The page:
Devoted chef in north London needs more customers.
Ahead of my article next week about a remarkable woman in the British restaurant trade – Helen O’Malley, the 54-year-old mother of eight who is the public face of the Bo Tree Kitchen Thai restaurant in Belfast – here is another paean of praise to a second woman in this arduous business. A woman who in this instance has decided to go it alone – very much alone in fact.
Camille Tardieu is a 30-year-old Frenchwoman who was born in Avignon but has created Cérès restaurant in Newington Green, north London. Today she is the restaurant’s only chef; its plongeur; its breadmaker; and she is charge of all the administration, invariably in splendid isolation, in the basement kitchen of Cérès, her very own restaurant, opened in in November 2018.
Tardieu seems to have been obsessed by two things since childhood: cooking, a passion that had her working in kitchens from the age of 13, and neuroscience. It was the latter that brought her to King’s College, London eight years ago where she completed a PhD entitled ‘Establishing a Drosophila model for noise-induced hearing loss’. She supported herself through her fruit-fly studies by cooking professionally before she took to supper clubs and pop-ups.
The fantasies about establishing her own restaurant began to take hold and she had already focused on Newington Green, an area better known hitherto for its many Turkish restaurants but one undergoing a slow gentrification. With a limited budget of £70,000, 10% of which came from a round on Kickstarter, she saw the potential in a former café on Green Lanes. On 2 November 2018 Cérès, named after the Roman goddess of agriculture and motherly relationships, was born.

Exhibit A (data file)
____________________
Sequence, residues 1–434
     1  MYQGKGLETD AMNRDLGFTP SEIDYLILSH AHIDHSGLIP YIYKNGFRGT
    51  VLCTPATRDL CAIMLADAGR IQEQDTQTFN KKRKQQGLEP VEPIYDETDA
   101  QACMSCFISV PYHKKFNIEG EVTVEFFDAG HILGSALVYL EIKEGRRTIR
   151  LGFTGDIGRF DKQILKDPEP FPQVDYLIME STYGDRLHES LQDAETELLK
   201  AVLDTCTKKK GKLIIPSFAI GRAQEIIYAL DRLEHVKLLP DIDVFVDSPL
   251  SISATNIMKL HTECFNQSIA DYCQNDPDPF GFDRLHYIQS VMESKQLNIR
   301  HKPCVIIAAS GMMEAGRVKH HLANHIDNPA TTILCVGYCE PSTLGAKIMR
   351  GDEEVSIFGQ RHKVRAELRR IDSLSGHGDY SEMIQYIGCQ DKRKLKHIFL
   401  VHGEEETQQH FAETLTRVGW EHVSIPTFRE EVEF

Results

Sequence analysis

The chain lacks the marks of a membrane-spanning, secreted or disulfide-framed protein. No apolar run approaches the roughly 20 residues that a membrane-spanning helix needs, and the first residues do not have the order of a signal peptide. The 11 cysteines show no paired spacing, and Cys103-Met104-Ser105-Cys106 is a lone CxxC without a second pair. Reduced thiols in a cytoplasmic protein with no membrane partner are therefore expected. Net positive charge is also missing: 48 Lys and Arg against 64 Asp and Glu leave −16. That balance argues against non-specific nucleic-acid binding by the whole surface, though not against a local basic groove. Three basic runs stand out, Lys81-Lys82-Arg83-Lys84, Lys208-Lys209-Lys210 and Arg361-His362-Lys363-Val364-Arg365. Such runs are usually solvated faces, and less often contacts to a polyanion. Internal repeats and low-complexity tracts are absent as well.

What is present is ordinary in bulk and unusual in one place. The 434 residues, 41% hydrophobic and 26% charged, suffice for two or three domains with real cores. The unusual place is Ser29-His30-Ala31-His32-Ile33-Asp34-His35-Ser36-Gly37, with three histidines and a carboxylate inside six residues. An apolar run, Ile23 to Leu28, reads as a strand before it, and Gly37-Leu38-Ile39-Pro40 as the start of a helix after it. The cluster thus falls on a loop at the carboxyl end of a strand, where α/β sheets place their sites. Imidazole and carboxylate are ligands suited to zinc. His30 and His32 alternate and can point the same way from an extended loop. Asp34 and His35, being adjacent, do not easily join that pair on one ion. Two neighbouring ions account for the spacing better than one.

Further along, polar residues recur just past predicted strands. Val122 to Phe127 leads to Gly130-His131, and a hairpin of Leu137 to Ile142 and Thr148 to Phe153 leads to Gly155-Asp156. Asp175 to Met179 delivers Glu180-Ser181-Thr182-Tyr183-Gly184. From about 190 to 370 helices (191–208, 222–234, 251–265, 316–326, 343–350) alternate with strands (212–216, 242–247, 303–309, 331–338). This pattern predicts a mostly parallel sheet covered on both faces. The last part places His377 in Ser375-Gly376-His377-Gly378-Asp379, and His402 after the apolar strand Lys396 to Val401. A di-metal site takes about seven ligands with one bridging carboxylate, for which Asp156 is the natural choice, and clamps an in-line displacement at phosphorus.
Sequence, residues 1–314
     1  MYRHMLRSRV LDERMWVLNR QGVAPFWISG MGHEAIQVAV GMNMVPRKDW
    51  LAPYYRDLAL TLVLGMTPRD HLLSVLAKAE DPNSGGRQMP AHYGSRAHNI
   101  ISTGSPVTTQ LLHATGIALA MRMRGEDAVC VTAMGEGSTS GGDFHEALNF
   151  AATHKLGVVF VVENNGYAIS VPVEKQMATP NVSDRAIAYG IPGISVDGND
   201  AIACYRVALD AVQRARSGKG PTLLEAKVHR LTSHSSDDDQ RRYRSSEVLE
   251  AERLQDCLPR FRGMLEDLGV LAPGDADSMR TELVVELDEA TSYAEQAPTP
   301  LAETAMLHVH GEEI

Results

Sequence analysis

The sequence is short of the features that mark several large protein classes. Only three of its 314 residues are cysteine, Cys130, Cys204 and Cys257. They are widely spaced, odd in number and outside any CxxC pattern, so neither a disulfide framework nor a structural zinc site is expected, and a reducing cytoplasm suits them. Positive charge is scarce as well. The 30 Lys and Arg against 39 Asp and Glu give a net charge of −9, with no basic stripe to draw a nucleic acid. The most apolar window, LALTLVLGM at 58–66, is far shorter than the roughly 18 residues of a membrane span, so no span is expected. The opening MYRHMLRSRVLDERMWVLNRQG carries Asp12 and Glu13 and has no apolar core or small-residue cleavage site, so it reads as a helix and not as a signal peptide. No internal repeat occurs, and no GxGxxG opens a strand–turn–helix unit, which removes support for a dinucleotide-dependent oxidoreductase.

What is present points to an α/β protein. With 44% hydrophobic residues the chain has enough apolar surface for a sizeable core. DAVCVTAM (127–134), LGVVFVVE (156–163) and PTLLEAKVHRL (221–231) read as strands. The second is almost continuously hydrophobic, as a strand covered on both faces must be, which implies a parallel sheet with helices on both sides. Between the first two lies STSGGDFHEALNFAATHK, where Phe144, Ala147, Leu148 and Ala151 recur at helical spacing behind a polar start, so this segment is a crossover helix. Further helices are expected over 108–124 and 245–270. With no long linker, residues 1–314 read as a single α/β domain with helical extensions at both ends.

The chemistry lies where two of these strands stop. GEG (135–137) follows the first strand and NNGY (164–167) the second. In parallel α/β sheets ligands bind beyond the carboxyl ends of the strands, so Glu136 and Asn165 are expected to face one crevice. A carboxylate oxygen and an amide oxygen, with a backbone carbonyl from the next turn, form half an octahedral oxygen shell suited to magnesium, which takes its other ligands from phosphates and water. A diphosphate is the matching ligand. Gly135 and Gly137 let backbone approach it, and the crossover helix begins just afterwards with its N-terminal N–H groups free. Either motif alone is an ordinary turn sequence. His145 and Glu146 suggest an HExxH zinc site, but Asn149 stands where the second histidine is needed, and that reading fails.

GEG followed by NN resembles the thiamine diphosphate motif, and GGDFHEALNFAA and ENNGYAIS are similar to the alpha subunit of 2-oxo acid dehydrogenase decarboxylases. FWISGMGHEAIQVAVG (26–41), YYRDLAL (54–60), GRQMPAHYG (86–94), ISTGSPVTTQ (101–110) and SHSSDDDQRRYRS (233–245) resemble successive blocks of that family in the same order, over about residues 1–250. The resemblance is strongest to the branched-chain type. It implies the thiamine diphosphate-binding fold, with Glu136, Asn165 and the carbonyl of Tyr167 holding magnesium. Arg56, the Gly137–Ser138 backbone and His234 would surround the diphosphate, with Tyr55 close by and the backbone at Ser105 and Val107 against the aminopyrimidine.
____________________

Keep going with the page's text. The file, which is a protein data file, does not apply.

I have never been to a restaurant quite like Cérès before. While Camille was the only chef in her small kitchen we were extremely well looked after by the restaurant’s only member of the front-of-house team. Sarah Fregine is also French and in addition to possessing a particularly welcoming face also possesses the strength to carry all the plates of Tardieu’s food up and down a narrow flight of stairs complete with a nasty bend in the middle. She also has the sensitivity to be able to make a damn fine cocktail. Her watermelon margaritas and plum vodka sours certainly got our dinner off to a flying start. The sour is below, the margarita features in the next picture.
Cérès’s menu comprises 10 dishes, two first courses, half a dozen main courses described as sharing plates, and finally two dishes under the tempting heading of ‘something sweet’. We began with both first courses, an octopus salad with sweet-potato cream that was a great combination and four plump cheese doughnuts made using Blue Snow cheese, a creamy Swiss cheese, with red-onion jam that had the three of us round the table almost fighting as we tried to split the last one evenly.